Retirement ages are currently a very hot topic... in more ways than one!
- On one hand, it has dawned on the current generation of politicians that the financial promises made in the past cannot be made good.
- On the other hand there are millions of people with expectations based on the age that they expect to retire which will not be fulfilled.
The result is tens, or hundreds, of thousands of protesters marching through the streets of Greece, Spain and England demanding that the government somehow resolves the country's financial crisis without affecting them.
Apart from austerity now, the other solution that governments have, and which has been seen in places like Argentina and Zimbabwe (and more recently in the US and around the world), is the wholesale printing of money. Unfortunately it's not a great long term solution as it'll slowly erode the economy.
Simply there are two choices - take the pain now or take it later. The first will be blunt and brutal and the second a slow lingering pain.
Now while these protesters see retirement age as a right there is another group of baby boomers who are vigorously fighting against, or resisting, mandatory retirement.
If 60 is now the new 40, then won't 80 will be the new 60?
As it evolved it has become clear that the concept of a mandatory retirement age is flawed.
In some countries there was the even more illogical age situation where women retired at a younger age than men. Even though in most cases they worked less years and were expected to live longer!
In most first world countries people are living longer and there is a rapidly growing proportion of older people in the world.
So even if you subscribe to the idea of a mandatory retirement age it should, at least, have been increasing with life expectancy.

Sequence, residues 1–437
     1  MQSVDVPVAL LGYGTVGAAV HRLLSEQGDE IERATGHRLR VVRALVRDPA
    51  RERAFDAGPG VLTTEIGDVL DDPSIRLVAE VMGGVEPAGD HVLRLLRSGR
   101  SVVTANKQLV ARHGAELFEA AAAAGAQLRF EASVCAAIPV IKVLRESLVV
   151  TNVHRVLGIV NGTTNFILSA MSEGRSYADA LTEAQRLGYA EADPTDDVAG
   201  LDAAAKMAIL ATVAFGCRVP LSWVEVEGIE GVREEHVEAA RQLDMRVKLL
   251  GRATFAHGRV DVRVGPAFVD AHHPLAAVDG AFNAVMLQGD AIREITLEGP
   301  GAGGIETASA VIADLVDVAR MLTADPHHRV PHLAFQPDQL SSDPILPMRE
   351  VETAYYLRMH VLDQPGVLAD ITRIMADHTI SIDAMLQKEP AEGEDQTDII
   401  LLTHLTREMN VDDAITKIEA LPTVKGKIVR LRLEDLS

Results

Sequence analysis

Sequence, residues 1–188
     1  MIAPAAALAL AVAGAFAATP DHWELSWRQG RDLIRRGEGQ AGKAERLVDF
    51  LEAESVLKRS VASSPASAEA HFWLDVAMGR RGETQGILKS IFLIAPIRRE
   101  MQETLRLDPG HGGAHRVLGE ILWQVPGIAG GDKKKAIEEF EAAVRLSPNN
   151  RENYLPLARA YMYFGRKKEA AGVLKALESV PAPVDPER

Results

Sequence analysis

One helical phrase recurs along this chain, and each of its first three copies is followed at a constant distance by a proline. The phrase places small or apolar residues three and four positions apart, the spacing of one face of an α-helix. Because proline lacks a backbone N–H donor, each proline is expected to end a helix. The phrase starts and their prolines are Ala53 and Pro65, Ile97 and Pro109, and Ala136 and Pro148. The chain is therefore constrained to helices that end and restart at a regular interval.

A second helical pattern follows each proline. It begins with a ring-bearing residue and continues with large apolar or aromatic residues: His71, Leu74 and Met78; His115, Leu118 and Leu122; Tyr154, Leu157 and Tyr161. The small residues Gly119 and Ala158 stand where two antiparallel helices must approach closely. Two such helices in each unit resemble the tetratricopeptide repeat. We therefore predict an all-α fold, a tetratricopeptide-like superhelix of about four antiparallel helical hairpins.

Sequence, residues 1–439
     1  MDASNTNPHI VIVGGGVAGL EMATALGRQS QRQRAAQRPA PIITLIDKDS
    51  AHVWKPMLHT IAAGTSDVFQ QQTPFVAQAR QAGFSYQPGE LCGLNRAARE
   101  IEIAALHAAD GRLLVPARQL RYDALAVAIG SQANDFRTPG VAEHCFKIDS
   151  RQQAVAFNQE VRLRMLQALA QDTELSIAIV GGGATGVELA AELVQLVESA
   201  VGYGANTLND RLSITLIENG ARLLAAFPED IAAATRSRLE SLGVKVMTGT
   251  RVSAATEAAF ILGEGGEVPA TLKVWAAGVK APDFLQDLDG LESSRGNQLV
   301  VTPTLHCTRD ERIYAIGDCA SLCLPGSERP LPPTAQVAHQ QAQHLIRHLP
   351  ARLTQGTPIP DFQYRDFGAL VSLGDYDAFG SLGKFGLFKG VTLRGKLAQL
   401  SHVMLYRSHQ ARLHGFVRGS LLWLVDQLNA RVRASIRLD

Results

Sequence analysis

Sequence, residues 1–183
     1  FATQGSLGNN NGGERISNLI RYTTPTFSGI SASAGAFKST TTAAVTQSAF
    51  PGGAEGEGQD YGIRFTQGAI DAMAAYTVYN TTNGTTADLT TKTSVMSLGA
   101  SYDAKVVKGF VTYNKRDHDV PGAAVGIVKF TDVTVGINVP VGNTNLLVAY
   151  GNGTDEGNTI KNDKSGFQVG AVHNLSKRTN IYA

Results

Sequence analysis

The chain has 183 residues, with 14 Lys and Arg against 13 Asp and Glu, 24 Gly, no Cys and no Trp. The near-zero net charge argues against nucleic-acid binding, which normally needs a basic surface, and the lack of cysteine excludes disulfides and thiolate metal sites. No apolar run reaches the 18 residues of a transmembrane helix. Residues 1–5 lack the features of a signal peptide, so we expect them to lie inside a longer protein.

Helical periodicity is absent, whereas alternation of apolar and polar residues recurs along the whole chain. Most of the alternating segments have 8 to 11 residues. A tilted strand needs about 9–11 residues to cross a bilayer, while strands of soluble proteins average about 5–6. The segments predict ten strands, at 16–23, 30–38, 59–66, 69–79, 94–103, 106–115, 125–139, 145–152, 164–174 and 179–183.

Age 65, no change since 1934?
As I was thinking about this mandatory age, I wondered when or why it was never changed?
My conclusion is that for many uears it's been a negotiating cop out. "Unfortunately we cannot afford to give you the increase you're demanding but you can go on pension at age 55" … a sort of two in the bush is worth one in the hand tactic!
And another question it raises. Isn't discrimination based on age unconstitutional in many countries? So what makes it acceptable for retirement?
Mandatory retirement has spawned words such as semi-retirement or partial retirement which are as ludicrous as the concept of being semi or partially pregnant. You either are or you aren't? These words have been spawned for situations when you have been forced to retire because you reached the age but, for whatever reason, you choose, or have to, carry on working!
The changing world demographic will ensure that these ages keep increasing and that benefits keep reducing.
It is up to individuals to take responsibility for their own retirement finances. Relying on government and corporate promises could turn out to be a bad choice.
To get a grip on this growing "retirement" problem it's necessary to have a clear definition and objective analysis of the economic consequences of any official retirement ages.
Right now it's a mess.
Retirement Help: Try with a little help from a friend.